The “sock removal” case continues: Mellouli v. Lynch and compliance with the Court’s mandate
on Aug 18, 2015 at 11:26 am
Last June, the U.S. Supreme Court provided Moones Mellouli, a lawful permanent resident who had been ordered removed from the United States, with a victory in his efforts to reverse a removal order. The Court held that “[f]ederal law ([8 U.S.C.] 1227(a)(2)(B)(i) . . . did not authorize Mellouli’s removal.” It did not remand the case to the court of appeals or the Board of Immigration Appeals for further proceedings, thereby suggesting that the case had come to an end. Nonetheless, there now is a squabble between Mellouli and the U.S. government over just how big Mellouli’s victory was.
The Court ruled that Mellouli’s removal order based on a single conviction under Kansas law for possession of drug paraphernalia – in this instance, a sock used to conceal a few tablets of a prescription drug – was not authorized by federal immigration law. The case was returned to the U.S. Court of Appeals for the Eighth Circuit, which, without notice or briefing, remanded the case to the Board of Immigration Appeals (BIA) for further proceedings consistent with the Court’s opinion. A close reading of the order suggests that the court of appeals thought that, despite the seeming finality of the Supreme Court ruling, there still might be a way to remove Mellouli under the drug provisions of the immigration statute.
After the Court’s decision, the parties discussed possible resolution of the case. The U.S. government ultimately announced that it planned to dismiss the removal proceedings without prejudice, thereby leaving open the possibility of reinstituting the proceedings against Mellouli at some point. In contrast, Mellouli wants to ensure that the proceedings are dismissed with prejudice.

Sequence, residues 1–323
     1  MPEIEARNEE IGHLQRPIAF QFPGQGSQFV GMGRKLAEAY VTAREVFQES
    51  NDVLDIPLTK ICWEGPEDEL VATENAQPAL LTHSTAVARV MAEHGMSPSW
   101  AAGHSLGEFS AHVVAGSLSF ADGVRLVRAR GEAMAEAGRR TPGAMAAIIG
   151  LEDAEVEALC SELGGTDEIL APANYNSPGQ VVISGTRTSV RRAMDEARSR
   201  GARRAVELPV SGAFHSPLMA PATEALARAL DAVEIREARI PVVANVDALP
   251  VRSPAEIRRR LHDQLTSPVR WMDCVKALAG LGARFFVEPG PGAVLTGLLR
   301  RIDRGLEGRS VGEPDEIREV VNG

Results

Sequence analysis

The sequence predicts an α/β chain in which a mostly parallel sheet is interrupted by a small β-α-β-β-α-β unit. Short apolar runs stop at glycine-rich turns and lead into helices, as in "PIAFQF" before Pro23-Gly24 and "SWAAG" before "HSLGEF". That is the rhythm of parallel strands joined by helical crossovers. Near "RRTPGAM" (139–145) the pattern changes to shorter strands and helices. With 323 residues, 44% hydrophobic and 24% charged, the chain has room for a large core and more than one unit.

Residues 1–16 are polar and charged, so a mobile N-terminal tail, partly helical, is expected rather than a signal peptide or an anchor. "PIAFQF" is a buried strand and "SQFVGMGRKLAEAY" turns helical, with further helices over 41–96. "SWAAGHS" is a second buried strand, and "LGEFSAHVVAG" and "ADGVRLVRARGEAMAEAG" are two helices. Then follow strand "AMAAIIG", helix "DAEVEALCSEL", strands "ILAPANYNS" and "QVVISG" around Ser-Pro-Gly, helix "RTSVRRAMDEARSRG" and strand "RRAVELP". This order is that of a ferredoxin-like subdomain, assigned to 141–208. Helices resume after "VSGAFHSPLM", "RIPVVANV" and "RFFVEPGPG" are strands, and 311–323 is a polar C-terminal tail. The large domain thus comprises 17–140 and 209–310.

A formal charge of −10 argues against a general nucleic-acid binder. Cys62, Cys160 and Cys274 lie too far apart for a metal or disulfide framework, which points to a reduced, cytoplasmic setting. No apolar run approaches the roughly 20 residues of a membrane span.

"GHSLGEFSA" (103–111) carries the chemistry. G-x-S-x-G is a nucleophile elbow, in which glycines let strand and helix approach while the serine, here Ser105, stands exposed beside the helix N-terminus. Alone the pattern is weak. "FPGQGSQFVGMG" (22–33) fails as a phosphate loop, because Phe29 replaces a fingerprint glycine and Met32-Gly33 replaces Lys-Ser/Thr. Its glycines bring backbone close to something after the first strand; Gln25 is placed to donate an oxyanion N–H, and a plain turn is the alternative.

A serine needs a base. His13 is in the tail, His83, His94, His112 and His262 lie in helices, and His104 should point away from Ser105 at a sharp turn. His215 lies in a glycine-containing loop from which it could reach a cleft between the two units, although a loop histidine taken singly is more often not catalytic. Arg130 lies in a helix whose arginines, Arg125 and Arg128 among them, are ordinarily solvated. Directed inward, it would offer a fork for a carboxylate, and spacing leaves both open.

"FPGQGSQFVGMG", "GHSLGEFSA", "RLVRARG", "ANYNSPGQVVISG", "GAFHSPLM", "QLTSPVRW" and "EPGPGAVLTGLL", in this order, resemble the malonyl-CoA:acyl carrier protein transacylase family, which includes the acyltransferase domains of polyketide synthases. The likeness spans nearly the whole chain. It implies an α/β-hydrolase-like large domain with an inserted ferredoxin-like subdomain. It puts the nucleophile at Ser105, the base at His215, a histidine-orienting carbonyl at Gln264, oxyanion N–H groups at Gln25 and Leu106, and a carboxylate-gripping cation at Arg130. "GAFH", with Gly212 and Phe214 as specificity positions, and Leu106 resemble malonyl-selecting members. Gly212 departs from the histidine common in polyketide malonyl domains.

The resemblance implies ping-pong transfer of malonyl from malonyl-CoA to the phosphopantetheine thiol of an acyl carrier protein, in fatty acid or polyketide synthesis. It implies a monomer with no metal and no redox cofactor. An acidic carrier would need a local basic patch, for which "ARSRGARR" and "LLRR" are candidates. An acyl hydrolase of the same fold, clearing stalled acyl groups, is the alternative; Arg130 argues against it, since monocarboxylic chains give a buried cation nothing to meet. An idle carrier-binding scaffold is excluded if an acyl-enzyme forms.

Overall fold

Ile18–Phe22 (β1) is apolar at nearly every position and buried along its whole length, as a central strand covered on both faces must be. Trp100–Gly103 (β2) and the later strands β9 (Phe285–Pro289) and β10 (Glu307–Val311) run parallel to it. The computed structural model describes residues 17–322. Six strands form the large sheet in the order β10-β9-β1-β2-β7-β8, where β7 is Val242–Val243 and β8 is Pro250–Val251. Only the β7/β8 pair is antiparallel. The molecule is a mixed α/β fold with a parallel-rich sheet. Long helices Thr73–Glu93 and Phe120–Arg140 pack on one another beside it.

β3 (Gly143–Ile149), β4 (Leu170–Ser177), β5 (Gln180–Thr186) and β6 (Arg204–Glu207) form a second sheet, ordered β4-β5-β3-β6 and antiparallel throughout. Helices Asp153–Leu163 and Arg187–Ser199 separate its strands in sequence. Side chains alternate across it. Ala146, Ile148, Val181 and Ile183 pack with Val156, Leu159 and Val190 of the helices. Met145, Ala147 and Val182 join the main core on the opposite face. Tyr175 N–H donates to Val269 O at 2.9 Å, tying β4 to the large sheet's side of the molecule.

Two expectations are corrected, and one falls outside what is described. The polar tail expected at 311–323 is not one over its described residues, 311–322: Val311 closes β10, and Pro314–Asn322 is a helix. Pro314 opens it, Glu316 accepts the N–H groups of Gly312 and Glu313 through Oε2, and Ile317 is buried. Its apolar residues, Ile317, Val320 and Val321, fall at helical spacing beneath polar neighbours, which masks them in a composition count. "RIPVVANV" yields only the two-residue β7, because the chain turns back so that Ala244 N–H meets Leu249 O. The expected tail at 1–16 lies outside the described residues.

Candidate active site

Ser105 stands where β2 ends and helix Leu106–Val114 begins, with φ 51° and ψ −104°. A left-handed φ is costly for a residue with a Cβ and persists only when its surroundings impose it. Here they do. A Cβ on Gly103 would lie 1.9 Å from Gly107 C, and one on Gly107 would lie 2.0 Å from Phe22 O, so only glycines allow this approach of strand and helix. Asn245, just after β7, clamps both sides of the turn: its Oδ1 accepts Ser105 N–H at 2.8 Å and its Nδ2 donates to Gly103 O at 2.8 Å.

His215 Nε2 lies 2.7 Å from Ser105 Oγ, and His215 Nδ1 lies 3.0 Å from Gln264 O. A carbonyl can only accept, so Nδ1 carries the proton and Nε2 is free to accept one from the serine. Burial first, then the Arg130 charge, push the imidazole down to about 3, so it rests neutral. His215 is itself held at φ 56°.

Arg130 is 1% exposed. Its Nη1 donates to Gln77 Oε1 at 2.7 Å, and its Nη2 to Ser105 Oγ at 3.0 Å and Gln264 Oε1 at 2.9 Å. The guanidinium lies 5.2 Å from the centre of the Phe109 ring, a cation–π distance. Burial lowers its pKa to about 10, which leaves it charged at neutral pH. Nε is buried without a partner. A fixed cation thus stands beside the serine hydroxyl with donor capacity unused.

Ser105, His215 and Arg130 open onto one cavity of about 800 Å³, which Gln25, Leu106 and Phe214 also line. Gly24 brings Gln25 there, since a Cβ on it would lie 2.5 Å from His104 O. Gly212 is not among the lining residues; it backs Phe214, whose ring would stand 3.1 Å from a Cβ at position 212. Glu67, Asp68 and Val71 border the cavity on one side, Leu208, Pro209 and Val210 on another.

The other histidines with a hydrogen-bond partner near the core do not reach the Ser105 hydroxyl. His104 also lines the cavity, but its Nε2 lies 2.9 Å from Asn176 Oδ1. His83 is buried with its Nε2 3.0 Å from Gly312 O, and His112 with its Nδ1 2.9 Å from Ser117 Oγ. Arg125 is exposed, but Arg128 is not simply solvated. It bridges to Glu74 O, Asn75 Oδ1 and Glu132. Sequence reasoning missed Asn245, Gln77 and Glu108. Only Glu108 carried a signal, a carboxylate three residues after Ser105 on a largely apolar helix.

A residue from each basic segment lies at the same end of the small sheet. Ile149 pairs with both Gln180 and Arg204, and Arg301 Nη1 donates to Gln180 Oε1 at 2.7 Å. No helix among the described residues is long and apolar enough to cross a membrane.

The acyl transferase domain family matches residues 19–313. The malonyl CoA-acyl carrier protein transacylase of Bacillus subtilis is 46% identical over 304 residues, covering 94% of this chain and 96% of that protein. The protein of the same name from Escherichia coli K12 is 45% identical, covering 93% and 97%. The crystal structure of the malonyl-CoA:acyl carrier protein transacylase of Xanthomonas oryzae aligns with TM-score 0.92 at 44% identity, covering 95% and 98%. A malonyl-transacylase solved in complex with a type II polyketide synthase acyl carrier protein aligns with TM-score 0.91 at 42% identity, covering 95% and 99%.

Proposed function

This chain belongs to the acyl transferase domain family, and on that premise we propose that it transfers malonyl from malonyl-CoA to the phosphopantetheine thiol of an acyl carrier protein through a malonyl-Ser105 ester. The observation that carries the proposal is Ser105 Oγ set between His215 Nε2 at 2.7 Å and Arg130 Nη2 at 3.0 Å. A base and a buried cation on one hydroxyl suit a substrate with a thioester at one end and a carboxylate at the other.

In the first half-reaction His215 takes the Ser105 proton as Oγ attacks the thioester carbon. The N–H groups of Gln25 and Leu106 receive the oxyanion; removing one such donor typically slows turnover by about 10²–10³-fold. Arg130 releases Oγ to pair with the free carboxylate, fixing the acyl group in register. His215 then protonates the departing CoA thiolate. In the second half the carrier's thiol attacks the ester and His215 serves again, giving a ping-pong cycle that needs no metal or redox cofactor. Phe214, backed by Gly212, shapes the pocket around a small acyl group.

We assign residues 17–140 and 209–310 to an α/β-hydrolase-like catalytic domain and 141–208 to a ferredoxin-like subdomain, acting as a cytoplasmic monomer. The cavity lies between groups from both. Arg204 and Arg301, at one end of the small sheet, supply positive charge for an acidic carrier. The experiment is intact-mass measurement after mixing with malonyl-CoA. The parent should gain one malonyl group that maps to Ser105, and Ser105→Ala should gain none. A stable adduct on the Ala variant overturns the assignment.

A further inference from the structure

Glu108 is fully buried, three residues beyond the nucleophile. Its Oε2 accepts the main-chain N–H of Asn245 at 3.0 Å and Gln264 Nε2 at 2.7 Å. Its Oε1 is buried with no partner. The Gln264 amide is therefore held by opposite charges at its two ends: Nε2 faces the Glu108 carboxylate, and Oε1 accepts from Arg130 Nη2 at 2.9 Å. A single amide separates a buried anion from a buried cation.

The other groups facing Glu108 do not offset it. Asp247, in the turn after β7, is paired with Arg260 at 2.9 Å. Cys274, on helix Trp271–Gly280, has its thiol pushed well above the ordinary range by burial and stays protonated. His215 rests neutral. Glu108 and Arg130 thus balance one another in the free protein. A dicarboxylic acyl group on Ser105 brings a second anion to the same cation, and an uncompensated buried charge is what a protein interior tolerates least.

In the Supreme Court, Mellouli now seeks Justice Alito, who disagreed with the majority’s rejection of the removal order in Mellouli v. Lynch, to issue a stay to allow Mellouli to pursue efforts, including possible mandamus, to require the U.S. government to dismiss the removal proceedings with prejudice.
One might guess that Justice Alito, as well as the entire Court, would not want to tinker with the intricacies of the implementation of the Court’s decision. However, Mellouli claims that the court of appeals is violating the Court’s ruling by remanding for the BIA to come up with a way for justifying removal under the drug provisions of the removal statute when the Court has already ruled that Mellouli is not removable under its provisions. Efforts to circumvent the Court’s ruling just might get Justice Alito’s attention. Indeed, something in Mellouli’s stay motion apparently did get his attention and persuaded Justice Alito to request a response by the Department of Justice by 4 p.m. EST on August 20.
In addition, the matter of the finality of the Court’s ruling is no small matter to Moones Mellouli. Mellouli wants certainty that the minor drug paraphernalia conviction does not possibly lead to further removal proceedings and possible detention if he returns to the United States. He already experienced threatened removal once, having been forced to leave the United States and his fiancé. (Mellouli remains living outside the country.). The nature of Mellouli’s concerns, and the great potential harms he faces, offers insights into why removal matters differ from the ordinary civil matters handled by the courts.
All in all, the struggle between the Justice Department and Moones Mellouli might seem like small potatoes. One might legitimately ask, however – as many did as the United States pressed a minor drug paraphernalia involving a sock all the way to the Supreme Court – why the U.S. government is taking such tough litigation positions to no apparent greater end.